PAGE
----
So I've been looking for a new team to blanket with Bog coverage once the Wizards' season ends, and I think I found me my team. The Phillies, naturally.
You'll recall that on Tuesday night, Charlie Manuel melted down when confronted by a Philly radio personality, and had to be restrained. As the Philly Daily News put it:
Manuel, on his way through the clubhouse, resumed hollering at the radio personality when they locked eyes. A Phillies coach and a media relations representative ushered Manuel, spewing profanity, out the back of the clubhouse.
Video here. You can read about it all over the Internets, at FanHaus or The 700 Level, for example. Anyhow, I figured I needed to be in the dugout for Manuel's pre-game press gaggle today, just in case.
So a bit before 4 today, Manuel emerges with a Virginia Tech cap perched high on his head, and slowly walks to the dugout, followed by about two dozen media types. We crowd 'round. We wait for someone to ask the first, inevitable question about the confrontation. The first question is asked: "Charlie, anything happen last night, any regrets at all?"
The first answer is given: "No, what happened last night happened, and I just want to move on. I mean, that's over. I want to move on. I've got to concentrate on our team and winning ballgames. Actually, that has nothing to do with our team. As I look at it, that has nothing to do with our team and it has nothing to do with us winning or losing games. Myeh. You know."
Right. Sure. We know. So here's where we stand: two votes for moving on, both from Manuel. But we're trained media professionals. We don't want to move on. Luckily, two Philly-area TV personalities will help us not move on, by asking 11 consecutive questions about last night. Believe me, I was lapping this up. Over the course of Manuel's 11 answers, he said the following things:
"I don't want to hash on it," "I don't want to go over anything," "Let's move on," "I just want to move on," "I want to just concentrate on our team," "I'll say this and then I don't want to say nothin' else about it," and "I don't want to talk no more about it." He followed that last one with this: "I know I'm talkin', but I don't want to say nothin' else about it," which might have been a reasonable request, although it was one that he promptly declined. I've never seen someone talk so much about something he wasn't going to talk about. And luckily, we finally got to the good stuff by the end. For example:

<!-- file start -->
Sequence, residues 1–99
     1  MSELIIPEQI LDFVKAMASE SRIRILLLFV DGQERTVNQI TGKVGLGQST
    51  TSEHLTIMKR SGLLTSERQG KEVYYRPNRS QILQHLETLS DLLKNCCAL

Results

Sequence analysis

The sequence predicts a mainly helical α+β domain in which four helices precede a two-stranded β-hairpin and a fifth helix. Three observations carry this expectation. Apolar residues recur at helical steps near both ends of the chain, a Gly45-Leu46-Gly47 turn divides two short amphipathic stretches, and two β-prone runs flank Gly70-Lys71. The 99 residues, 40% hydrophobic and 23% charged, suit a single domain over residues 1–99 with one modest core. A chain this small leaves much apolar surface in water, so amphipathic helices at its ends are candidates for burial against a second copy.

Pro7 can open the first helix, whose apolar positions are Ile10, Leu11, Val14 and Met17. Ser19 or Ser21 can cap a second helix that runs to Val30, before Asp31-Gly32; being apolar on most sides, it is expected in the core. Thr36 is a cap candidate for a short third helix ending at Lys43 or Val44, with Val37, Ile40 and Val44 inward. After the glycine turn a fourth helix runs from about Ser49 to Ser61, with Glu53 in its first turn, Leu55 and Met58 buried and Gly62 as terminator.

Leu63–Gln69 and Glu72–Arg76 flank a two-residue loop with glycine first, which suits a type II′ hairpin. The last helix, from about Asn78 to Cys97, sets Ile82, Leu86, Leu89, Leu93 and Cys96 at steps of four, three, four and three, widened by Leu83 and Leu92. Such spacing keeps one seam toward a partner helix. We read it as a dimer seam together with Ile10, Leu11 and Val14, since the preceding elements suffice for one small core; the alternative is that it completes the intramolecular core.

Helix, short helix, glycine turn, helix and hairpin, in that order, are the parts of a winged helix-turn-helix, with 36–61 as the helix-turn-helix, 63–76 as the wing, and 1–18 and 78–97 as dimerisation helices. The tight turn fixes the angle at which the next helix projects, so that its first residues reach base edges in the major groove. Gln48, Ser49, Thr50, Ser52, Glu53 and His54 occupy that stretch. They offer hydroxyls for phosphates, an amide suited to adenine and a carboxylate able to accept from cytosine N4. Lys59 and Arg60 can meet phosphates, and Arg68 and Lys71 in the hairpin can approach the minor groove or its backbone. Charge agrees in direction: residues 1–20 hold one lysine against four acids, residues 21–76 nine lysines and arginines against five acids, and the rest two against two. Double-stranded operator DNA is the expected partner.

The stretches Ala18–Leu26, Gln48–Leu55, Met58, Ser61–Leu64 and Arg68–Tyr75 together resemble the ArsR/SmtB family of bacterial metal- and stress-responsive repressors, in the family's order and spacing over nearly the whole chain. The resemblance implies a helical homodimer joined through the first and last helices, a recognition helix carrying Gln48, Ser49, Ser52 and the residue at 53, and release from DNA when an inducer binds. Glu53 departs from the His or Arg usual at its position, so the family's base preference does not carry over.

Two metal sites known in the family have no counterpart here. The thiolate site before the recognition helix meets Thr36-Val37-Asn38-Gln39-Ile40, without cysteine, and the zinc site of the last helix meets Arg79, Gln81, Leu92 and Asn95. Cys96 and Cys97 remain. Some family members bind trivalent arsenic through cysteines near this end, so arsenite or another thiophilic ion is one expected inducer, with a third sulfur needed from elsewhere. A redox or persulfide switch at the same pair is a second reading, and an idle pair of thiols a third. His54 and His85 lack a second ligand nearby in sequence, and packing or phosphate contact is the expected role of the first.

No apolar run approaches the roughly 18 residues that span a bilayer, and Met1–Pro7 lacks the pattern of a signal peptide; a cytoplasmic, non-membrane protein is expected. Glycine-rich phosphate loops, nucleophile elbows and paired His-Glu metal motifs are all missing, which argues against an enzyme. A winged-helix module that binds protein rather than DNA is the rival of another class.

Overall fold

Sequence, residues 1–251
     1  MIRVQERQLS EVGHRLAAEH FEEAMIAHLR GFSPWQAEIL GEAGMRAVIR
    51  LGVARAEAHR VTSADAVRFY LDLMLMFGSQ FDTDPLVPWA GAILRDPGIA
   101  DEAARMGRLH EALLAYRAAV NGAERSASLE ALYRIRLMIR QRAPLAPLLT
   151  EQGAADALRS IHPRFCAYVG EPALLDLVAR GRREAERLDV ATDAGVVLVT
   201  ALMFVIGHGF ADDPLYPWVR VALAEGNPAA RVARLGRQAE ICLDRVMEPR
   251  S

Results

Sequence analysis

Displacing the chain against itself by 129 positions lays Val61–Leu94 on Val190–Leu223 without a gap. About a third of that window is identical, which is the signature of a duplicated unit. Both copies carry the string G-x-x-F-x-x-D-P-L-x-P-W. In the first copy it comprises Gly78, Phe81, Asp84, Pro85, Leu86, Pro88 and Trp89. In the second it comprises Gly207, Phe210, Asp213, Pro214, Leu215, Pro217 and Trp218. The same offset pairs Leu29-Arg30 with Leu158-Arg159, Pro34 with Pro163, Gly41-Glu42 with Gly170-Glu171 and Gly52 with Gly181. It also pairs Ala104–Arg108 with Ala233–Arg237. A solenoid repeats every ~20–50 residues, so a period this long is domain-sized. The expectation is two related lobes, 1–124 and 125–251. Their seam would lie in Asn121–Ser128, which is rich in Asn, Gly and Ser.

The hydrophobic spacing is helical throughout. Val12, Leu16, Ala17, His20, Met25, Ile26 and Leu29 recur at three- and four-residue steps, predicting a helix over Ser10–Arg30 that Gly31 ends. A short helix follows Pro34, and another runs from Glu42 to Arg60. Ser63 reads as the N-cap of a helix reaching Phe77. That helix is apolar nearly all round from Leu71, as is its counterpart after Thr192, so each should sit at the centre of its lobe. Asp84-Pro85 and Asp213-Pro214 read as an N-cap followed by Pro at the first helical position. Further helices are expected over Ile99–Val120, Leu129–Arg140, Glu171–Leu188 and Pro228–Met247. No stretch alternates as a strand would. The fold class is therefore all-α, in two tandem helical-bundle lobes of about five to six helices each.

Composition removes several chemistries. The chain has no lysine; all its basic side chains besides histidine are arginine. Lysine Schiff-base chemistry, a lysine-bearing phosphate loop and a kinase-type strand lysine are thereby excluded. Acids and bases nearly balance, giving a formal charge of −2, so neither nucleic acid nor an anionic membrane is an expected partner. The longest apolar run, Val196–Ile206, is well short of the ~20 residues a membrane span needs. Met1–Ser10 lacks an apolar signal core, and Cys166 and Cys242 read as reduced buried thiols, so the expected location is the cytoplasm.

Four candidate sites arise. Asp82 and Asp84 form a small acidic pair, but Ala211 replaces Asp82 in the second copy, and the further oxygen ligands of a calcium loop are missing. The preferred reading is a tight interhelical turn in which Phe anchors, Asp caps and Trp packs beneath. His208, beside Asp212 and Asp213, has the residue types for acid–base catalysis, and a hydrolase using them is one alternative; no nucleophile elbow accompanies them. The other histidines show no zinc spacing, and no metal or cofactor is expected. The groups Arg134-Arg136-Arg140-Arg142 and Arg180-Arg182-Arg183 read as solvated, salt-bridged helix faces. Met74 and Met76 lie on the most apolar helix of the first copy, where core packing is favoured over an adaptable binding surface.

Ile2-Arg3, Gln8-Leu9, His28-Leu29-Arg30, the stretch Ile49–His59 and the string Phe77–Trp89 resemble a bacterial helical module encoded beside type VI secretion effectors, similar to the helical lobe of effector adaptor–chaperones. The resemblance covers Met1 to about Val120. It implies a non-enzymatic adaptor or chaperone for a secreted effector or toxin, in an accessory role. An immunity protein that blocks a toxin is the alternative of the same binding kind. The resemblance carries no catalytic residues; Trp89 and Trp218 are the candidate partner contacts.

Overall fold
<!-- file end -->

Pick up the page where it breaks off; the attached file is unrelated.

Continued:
"The only way I know to tell you guys how tough I am is you gotta see it, or witness it, or feel it, or whatever," he said.
"I've got to be bigger than that," he said. "I've got to be a bigger man than that. Like, I've got to be able to handle something like that. And as a professional, that's probably the only thing that I would probably regret about last night."
And also this:
"When I first started as a manager in this game I used to grab guys, I'd slam them on the wall," he said. "Really. I mean, that was no problem. I had no problem doing that. And you know, like, I'm older now and things like that, I'm 63 years old, but at the same time, you know, like, I've still got that same passion, I've still got that same fire....People don't know me and they don't take the time to know me. They see me around the ballpark and they kind of look at, 'Well, there's Goodtime Charlie,' or you know, like, 'Take-it-Easy Charlie,' 'Laidback Charlie,' 'Uncle Charlie,' 'Grand-pa Charlie,' whatever."
Right. Actually, now I was filled with questions. What was the difference, for example, between "Uncle Charlie" and "Grand-pa Charlie?" But a PR guy finally convinced us to move on, and to ask questions about the actual game.
"That was a lot of answers for a question that you weren't gonna answer," I pointed out.
"I didn't want answer 'em, I didn't want to talk, but at the same time, that's ok," he said.
Then there were baseball questions. Nine baseball questions. Quiet banter. Finally, out of the blue, Manuel drops this: He's putting his No. 1 starter, Brett Myers, into the bullpen. There was five seconds of silence. Literally. I timed it later. Then laughter. Much laughter. The beat writers attempted to convince Manuel that he was joking. They stared at each other. Literally, jaws were dropped. One writer offered to bet Manuel $100 that he was kidding. Finally, they realized he was serious, and they launched into the pitching staff inquisition. The two Philly-area TV guys were long gone by this point. We had gone from Manule talking about something he wasn't going to talk about, to idle baseball chatter, to bombshell news.
It was all too bizarre, and the weirdness continued. When we eventually tracked down Myers, someone asked if he'd be able to throw harder now that he was working in shorter bursts.
"Let me let you direct that question to my arm," Myers said, putting his arm in the writer's face.
I mean, this team was born for bloggers. I was waiting for a utility infielder to talk about having one of his children play in the bidet, ala Gilbert Arenas, or for some outfielder to start yelling that he couldn't feel his face, ala DeShawn Stevenson.
Anyhow, as a postscript, I did finally manage to ask Manuel what was the difference between "Uncle Charlie" and "Grand-pa Charlie."
"Whatever you want it to be," he said, of course.